Work in about a 2-foot area by pulling the compound down and down, then back and forth in smooth motions until it begins to set a little bit. As it dries, the compound becomes harder to scrape, so the final swipes with the taping knife can create a fairly smooth surface without a bunch of seam lines.  You can see the difference between the skim-coated surface on the bottom of this shot, and the textured wall below. What a difference!

Skim Coat on Textured Walls - Miranda Anderson for Coat on Textured Walls - Miranda Anderson for

You can see that the compound can have bubbles in it, and you may notice some air bubbles forming as you spread the mud on the walls. Don’t worry, you’ll easily be able to smooth those out further as the coating dries, and even add more mud if you need to.

Skim Coat on Textured Walls - Miranda Anderson for Coat on Textured Walls - Miranda Anderson for

As you finish spreading in one area, scoop another inch or so of mud and move onto the next area. With the large knife and some efficient scraping, you’ll be able to make great time. I was able to start and finish the bathroom skim coat in about 4 hours.

Skim Coat on Textured Walls - Miranda Anderson for

To skim coat around the tile and fixtures, I taped it all off as I would have had I been painting. The joint compound is super easy to clean-up once it’s dry, because it’s basically dried powder. I used the ladder to reach the tops of the walls. I decided against skim coating the ceiling (I’m planning to add some wood planks eventually).

Once the skim coat has dried, examine it for major rough areas, or fallen globs of mud. These can all be carefully smoothed with some sandpaper. Once the walls are smoothed and sanded, you’re ready to paint or add wallpaper!


I love the finished look of my smooth, wallpapered walls. You can find more details about this guest bathroom here, and see some more walls I smoothed to paint in my newly redesigned Indoor Patio Room!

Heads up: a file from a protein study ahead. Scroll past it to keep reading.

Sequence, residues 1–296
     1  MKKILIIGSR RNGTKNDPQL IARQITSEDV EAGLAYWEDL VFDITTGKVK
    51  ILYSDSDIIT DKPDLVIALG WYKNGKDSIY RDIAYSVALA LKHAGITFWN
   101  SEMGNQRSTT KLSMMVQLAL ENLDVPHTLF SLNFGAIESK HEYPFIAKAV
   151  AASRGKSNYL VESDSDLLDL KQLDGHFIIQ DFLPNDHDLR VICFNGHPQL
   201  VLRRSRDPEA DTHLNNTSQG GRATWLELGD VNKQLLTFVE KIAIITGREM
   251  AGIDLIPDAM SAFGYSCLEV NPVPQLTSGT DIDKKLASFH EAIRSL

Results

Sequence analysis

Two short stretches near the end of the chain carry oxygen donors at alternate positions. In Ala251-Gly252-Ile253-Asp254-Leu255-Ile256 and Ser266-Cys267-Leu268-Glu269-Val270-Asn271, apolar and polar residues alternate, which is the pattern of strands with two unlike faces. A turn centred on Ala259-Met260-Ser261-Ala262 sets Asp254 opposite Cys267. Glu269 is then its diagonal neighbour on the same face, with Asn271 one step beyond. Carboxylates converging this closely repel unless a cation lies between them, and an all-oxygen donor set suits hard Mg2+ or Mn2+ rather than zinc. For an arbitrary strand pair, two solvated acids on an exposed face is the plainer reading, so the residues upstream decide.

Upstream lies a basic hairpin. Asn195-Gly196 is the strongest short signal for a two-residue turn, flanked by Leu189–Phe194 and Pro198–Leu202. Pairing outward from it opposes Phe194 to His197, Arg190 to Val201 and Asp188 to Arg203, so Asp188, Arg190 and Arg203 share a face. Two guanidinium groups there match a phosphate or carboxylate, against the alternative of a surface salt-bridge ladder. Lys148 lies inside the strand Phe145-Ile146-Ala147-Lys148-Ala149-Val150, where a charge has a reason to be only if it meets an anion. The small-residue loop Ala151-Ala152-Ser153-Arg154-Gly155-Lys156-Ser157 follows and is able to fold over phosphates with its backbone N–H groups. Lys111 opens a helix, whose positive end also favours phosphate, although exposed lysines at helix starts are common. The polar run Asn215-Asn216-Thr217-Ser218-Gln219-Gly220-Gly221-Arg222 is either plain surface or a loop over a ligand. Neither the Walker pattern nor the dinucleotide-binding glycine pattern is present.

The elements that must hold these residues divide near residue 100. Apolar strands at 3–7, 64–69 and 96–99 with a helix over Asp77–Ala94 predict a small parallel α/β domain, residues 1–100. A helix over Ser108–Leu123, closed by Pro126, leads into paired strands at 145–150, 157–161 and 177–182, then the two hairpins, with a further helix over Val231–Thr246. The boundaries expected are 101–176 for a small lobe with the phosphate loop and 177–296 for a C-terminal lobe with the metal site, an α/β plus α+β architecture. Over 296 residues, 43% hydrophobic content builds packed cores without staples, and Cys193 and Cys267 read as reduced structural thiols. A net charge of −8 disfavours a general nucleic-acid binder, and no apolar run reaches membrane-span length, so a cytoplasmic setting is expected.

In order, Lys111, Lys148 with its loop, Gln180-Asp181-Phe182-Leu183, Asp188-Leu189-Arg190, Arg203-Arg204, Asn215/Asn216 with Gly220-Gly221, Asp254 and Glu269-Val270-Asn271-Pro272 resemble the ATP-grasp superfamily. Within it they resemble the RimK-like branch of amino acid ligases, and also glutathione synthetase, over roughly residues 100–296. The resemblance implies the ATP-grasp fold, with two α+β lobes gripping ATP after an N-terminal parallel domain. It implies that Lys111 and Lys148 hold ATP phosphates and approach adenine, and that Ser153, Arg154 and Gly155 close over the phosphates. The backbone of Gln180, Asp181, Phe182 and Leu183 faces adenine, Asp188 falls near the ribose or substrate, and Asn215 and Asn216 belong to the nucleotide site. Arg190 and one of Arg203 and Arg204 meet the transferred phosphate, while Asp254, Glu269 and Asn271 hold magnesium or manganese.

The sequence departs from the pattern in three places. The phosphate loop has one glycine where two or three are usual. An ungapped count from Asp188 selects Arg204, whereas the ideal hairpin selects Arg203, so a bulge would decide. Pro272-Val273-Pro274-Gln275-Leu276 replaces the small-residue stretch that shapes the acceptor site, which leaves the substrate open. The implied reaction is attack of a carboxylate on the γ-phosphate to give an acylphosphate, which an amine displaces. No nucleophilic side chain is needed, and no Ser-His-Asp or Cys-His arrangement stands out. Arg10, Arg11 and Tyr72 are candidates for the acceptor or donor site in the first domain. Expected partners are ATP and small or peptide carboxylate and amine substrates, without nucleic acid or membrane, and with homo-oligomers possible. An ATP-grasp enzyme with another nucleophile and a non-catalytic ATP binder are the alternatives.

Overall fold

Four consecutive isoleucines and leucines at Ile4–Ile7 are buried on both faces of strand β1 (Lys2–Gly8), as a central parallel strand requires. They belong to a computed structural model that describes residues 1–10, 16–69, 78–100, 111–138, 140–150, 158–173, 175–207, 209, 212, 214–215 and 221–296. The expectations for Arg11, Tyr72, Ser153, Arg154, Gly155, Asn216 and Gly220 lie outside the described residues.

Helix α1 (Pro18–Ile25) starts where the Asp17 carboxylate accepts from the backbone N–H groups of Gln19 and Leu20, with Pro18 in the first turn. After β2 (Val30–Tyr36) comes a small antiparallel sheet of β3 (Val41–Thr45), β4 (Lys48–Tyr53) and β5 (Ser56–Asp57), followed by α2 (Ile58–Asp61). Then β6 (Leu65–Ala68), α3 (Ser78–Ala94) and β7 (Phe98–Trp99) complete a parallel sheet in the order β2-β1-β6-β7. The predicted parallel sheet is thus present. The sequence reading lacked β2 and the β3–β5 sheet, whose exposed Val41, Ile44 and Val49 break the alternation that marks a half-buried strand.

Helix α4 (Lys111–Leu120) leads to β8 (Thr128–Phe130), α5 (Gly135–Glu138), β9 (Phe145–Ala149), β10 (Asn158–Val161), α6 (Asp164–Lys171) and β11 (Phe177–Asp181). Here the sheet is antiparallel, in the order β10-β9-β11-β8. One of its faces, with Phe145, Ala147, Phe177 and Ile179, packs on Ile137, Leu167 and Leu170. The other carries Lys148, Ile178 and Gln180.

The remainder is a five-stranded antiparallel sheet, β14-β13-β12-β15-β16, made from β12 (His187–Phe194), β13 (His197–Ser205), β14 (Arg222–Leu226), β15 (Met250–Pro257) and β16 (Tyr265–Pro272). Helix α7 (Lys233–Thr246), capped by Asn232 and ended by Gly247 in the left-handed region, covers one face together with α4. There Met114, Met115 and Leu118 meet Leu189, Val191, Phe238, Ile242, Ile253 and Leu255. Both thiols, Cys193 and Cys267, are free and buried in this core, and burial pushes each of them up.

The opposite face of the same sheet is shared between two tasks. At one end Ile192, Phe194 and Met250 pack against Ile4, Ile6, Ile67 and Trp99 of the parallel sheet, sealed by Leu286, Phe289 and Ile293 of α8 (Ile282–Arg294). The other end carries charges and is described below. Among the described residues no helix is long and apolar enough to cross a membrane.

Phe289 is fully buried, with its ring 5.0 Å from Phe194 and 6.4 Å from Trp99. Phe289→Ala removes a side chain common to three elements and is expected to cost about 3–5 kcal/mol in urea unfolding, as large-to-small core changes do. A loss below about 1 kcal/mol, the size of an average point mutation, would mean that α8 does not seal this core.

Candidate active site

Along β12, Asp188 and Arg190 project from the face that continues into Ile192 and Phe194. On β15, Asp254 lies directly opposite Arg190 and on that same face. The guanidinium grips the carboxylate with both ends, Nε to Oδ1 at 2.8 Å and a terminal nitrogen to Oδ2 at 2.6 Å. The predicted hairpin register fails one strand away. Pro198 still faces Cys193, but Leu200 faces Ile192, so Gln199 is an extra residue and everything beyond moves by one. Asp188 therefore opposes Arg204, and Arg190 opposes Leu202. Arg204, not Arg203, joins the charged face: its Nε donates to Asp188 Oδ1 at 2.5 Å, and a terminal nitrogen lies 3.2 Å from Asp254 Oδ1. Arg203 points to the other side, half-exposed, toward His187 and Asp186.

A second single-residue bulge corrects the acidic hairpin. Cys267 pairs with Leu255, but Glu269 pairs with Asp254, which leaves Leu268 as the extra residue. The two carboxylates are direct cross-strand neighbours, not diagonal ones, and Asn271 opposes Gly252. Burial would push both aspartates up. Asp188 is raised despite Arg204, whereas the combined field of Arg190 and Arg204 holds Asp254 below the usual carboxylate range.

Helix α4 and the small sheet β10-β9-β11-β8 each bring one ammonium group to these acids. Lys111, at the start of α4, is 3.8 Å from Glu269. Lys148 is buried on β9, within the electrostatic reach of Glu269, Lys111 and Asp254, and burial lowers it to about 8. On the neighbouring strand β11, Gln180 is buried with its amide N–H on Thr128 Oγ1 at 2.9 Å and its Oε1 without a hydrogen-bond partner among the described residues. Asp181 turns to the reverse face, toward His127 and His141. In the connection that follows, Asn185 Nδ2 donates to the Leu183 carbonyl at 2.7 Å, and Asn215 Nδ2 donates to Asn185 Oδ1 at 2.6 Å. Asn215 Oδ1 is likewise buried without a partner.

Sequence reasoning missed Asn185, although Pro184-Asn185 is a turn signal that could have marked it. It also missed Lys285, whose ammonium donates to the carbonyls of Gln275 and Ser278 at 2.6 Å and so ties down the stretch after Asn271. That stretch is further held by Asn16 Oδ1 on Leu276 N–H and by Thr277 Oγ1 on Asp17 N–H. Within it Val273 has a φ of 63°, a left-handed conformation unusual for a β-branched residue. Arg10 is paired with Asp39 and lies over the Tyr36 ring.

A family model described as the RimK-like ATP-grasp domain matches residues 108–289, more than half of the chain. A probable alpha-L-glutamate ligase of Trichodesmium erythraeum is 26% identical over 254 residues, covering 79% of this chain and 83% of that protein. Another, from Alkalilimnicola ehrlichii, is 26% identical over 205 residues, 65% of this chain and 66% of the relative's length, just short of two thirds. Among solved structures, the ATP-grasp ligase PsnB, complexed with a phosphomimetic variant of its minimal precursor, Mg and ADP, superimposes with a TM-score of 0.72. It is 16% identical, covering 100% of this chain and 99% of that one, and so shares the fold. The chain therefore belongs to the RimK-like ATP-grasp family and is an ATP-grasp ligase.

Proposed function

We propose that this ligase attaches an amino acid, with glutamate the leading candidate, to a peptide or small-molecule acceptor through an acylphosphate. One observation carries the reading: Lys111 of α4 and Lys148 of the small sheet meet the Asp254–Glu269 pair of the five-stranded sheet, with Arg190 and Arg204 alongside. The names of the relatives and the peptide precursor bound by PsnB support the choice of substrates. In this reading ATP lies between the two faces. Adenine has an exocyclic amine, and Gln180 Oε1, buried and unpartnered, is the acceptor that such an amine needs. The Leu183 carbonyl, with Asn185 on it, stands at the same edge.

Good luck with your own wall-smoothing project!

7 Responses

  1. Patricia Anderson

    Thank you for sharing your experience. I need to redo my bathroom as well but didn’t know quite how to get rid of the textured walls in there. This will be great to use as a reference.

  2. Marc

    Thanks. I kind of figured this out myself when I was debating what to do about a wall that was painted (not by me) with a 3/8″ nap roller instead of the foam roller I provided.
    I don’t like orange peel textured walls created with the usual nap roller. My first thought was to sand the wall down as best as I could, esp. to remove the lint left from the roller.
    Then I thought why not put a skim coat of joint compound before painting. The sanding is tedious but it’s only one wall and not that long, with a window and doorway too. The long and short of it, I’m doing both to make sure I get the look I want (yes, I will use primer first!).
    It was a lesson learned to listen to my gut and do the job myself!

    • Lauren Pezzullo

      We’re glad to hear that it worked out for you, Marc. Thanks for sharing!

    • Great catch! Our walls are painted already with a tedious dark yellow over this orange peel crap. Do you think the compound will adhere even then?

  3. Thanks for the play-by-play! Side note, where’d you find your wall paper?

  4. I too moved to Austin from Utah. I was so surprised to find all this texturing. I look forward to using this technique on my Very Brady Ranch. Thanks!

  5. This won’t crack?